Hillsborough county votes to explore suspending fines for Bearss Groves Farmer's Market

It's not within the power of the commission to suspend $160,000 in back-owed fines. But they're exploring options.

click to enlarge A worker at Bearss Groves stocks the shelves. - JUSTIN GARCIA
Justin Garcia
A worker at Bearss Groves stocks the shelves.
After receiving more than 1,000 emails from concerned residents, Hillsborough County Commissioners voted unanimously today to explore options for suspending fines for Bearss Groves Farmer's Market.

What the commissioners really wanted to do was vote to stop the $200 a day fine, along with suspending $160,000 in back-owed fees. But they were informed during the meeting that it was not within their power to do that.

In 2018, a code enforcement special magistrate ruled in favor of code enforcement officer's claims that the farmer's market was in code violation. The produce stand has faced mounting fines since then, and last Friday put out a call for help on Facebook, claiming the  stand is in danger of shutting down due to the fines.
The commissioners were told today by Dexter Barge, assistant administrator for the county, that for anything to be changed, the case would have to come back before the magistrate.

When commissioner Ken Hagan asked Barge if the county can look into the code and the ruling to see what can be done about the situation, Barge said, "Absolutely, I have no problem doing that."

Five other commissioners agreed with Hagan and a motion to explore ways to end the fines for Bearss Groves passed unanimously, with commissioner Kimberly Overman being absent from the vote.

Earlier this week, Creative Loafing Tampa Bay reported that Hagan and ownership at Bearss Groves argued that the fees imposed on the produce stand are unjust, because the stand could possibly be protected from regular county rules under two state laws—Florida's Greenbelt Law and a nonresidential farm buildings statute.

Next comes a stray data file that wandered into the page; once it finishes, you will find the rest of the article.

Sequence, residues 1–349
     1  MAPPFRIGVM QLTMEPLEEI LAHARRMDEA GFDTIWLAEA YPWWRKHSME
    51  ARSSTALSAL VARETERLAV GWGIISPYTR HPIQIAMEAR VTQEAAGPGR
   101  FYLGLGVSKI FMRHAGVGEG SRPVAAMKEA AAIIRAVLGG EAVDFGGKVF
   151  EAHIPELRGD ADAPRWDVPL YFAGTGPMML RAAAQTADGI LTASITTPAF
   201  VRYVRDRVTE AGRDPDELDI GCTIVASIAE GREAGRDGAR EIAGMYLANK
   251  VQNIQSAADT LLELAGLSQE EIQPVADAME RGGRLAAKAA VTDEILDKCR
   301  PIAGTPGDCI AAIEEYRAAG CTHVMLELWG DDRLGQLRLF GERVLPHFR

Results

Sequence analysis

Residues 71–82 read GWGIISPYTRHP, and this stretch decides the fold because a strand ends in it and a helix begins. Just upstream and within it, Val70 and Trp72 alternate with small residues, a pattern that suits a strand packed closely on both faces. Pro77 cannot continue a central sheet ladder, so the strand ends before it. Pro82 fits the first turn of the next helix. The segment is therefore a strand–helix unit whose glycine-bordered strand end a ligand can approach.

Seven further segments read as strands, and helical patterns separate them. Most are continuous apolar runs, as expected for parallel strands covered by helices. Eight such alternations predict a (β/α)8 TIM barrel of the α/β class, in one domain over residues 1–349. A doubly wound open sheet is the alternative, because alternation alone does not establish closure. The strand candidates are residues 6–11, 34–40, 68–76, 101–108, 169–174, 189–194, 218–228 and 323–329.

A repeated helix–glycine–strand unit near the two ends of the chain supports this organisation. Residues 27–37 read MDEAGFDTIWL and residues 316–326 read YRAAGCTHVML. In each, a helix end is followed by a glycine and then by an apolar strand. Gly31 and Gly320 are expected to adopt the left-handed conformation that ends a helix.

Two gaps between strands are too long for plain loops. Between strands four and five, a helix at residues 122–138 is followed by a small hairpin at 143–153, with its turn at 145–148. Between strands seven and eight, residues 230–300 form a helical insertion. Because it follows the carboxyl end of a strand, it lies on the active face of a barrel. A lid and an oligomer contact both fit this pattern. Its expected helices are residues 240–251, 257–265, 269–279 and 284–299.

Hagan, who frequents the stand regularly, said more needs to be done to protect it.

"I think every commissioner on this board has defended independent in mom and pop businesses and how we should help protect them and help them prosper," he said. "Even our comprehensive plan identifies incentives and objectives to specifically support and encourage agriculture."

Not one commissioner disagreed with Hagan.

All the commissioners present weighed in, calling for troubleshooting in how to protect the stand and end the fees.

Pat Kemp acknowledged the community's concerns and said the stand isn't going anywhere anytime soon.

"I think uniformly people love farmers markets and want to do everything they can to see them thrive," Kemp said. "That being said, I just want to assure the public that no one is shutting down Bearss Groves. We're not even anywhere near that."

Commissioner Stacy White lamented the fact that the commission couldn't vote on the spot to end the fines and move forward. "It's to me just mind boggling that we, as the elected officials are not the final arbiters on these issue," he said.

In the end, the commissioners voted to explore adjusting county regulations and to contact the county magistrate about the 2018 decision, along with examining ways that Bearss Groves to comply with code enforcement's demands.

But owner Barry Lawrance told CL that he stands by the fact that the charges are unjust. "They're unjust fees, and that's why we continue to fight them," Lawrance said.

About The Author

Justin Garcia

Justin Garcia previously wrote for the USA Today Network, The Economic Hardship Reporting Project, Scalawag Magazine, and various other news outlets. When he's not writing, Justin likes to make music, read, play basketball and spend time with loved ones. 


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